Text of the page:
For years, the Bloc Québécois has been pressuring the federal government to finally take action to address the rising cost of petroleum products. It has dogged the Liberal government of the day so that it would follow up on the recommendations made in 2003 by the Standing Committee on Industry, Science and Technology. In October 2005, just before the election, the federal government finally listened to the Bloc Québécois' arguments and decided to amend the Competition Act through Bill C-19. That legislation broadened the Competition Bureau's authority to investigate and increased the maximum penalty for conspiracy. However, Bill C-19 did not follow up on all the committee's recommendations. As we know, that legislation, which was only an election ploy, died on the order paper with the election call, and we certainly could not count on the Conservative government to bring it back.

In 2007, the Bloc Québécois introduced Bill C-454, which also died on the order paper, when the election of 2008 was called.

In 2009, the Conservatives took part of the bill and included it in the budget implementation act. However, they did not see fit to allow the Competition Bureau to initiate investigations. That is why the hon. member for Shefford came back again with Bill C-452. The recent years clearly show that neither the Conservatives, nor the Liberals acted to protect consumers. By contrast, the Bloc Québécois is taking action.

For the Bloc Québécois, the only effective way to deal with the rising cost of gas is to use a global strategy. That strategy is three-pronged: to bring the industry into line, to make it contribute, and to reduce our dependency on oil.

First, we must bring the oil industry into line. The initiative of my colleague for Shefford supports that approach. It is also necessary to set up a true monitoring agency for the oil sector.

Second, the oil industry must make a contribution. With the increase of costs and oil company profits, it is important that the latter pay their fair share of taxes. How can we accept that consumers are getting poorer, while oil companies are getting richer?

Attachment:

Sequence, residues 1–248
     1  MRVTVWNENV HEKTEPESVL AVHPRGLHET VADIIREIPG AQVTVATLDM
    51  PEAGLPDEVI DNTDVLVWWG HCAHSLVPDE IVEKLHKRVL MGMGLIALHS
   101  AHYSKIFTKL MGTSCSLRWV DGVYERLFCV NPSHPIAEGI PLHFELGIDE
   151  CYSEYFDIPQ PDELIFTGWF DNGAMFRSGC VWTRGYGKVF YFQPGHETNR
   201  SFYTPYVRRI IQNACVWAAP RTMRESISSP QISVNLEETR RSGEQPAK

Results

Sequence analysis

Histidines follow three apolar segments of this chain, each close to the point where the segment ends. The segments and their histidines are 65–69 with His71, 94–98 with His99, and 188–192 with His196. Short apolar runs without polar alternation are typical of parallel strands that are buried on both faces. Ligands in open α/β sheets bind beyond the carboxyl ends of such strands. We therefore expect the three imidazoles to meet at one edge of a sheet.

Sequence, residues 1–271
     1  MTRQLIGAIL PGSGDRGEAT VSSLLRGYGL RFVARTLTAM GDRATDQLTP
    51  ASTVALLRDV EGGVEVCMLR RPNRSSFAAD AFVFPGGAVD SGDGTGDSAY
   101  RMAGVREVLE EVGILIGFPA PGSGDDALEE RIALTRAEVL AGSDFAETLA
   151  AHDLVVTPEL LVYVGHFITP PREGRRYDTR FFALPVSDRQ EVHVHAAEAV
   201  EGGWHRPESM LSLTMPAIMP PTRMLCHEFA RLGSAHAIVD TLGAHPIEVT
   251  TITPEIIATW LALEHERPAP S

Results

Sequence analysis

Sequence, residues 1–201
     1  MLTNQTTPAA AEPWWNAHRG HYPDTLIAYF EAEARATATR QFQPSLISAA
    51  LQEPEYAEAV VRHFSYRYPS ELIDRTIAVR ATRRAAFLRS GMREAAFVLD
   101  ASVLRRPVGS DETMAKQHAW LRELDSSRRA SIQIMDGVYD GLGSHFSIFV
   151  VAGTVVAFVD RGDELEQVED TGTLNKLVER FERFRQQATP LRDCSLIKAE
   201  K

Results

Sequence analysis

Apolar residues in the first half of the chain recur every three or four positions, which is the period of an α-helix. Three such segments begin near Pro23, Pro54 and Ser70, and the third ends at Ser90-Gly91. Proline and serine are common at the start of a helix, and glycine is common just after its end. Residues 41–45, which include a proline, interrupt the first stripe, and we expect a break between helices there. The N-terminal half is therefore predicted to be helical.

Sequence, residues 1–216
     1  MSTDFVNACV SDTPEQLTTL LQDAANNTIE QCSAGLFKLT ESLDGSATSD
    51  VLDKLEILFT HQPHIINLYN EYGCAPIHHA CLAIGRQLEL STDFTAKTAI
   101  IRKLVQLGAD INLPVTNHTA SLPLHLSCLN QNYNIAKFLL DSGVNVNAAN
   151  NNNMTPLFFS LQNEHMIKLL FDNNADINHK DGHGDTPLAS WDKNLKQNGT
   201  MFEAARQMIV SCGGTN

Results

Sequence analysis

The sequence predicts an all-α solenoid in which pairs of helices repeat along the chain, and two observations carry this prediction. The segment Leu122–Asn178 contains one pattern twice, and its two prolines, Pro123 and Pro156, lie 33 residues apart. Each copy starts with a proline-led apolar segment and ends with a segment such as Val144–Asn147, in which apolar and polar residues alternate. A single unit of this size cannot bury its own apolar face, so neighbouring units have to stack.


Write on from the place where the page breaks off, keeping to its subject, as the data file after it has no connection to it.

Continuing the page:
Despite the recent recession and despite the rise in the price of gas, oil companies are posting record sales. In 1995, the Canadian oil and gas sector posted combined sales of $25 billion. By 2008, this figure had climbed to $148 billion. That is an increase of nearly 600%.

Now let us talk about profits. In 2003, Canada's oil sector made $17.6 billion in profits. In 2008, it made $79 billion. In other words, the net profits of Canada's oil sector more than quadrupled in just five years. The Bloc members feel that the party must end for the oil companies.

But obviously the Conservatives do not feel that way. In 2003, they supported the Liberal government's move to reduce the overall tax rate for oil companies from 28% to 21%. With the changes brought in by the Liberals, supported by the Conservatives, taxes for Canada's oil sector became more advantageous than in Texas.

But that is not enough. In 2007, in their economic statement, the Conservatives introduced tax cuts for oil companies that would see their tax rates drop to 15% in 2012. These tax cuts will enable the oil companies to pocket approximately $3.6 billion in 2012. These figures make it clear that the federal government chooses to give priority to the interests of the oil companies, at the expense of consumers.

I do not know how the Conservative members justify this to their constituents, but I know that when I meet my constituents from Compton—Stanstead, not a single one tells me that the gifts to the oil companies are justified. On the contrary, the people I meet feel cheated by this Conservative government, a government that is in league with an industry that exploits consumers' dependence on oil.

The third component of the approach proposed by the Bloc Québécois has to do with reducing consumers' dependence on oil. This makes sense and it is perfectly in line with Quebec's efforts to fight global warming. The less gas that we consume, the less money the industry will pocket and the better off our planet will be.

Fairness at the Pumps Act
Government Orders

October 25th, 2010 / 4:55 p.m.
See context

Bloc

André Bellavance Richmond—Arthabaska, QC

Mr. Speaker, it is my turn so speak to Bill C-14, An Act to amend the Electricity and Gas Inspection Act and the Weights and Measures Act.

Bill C-14 is not bad in itself because it is very important for pump measurements to be accurate. I have noted, though, the criticisms voiced by my colleagues. They said that consumers should not have to bear the cost of the new monitoring requirements under Bill C-14. We will have to be careful in committee to fully clarify this issue.

The Bloc Québécois is in favour of sending the bill to committee. However, the bill does nothing to address the real concern of people, which is that they pay too much for gasoline. Two things need to be done: we have to create an agency to monitor gasoline prices and to give the Competition Act more bite.